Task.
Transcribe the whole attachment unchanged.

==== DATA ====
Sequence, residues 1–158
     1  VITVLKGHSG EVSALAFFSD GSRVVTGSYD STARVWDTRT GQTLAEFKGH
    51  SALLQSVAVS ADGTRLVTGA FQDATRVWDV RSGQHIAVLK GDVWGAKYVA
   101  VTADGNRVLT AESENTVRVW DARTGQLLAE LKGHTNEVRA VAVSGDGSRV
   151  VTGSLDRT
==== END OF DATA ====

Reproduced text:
Sequence, residues 1–158
     1  VITVLKGHSG EVSALAFFSD GSRVVTGSYD STARVWDTRT GQTLAEFKGH
    51  SALLQSVAVS ADGTRLVTGA FQDATRVWDV RSGQHIAVLK GDVWGAKYVA
   101  VTADGNRVLT AESENTVRVW DARTGQLLAE LKGHTNEVRA VAVSGDGSRV
   151  VTGSLDRT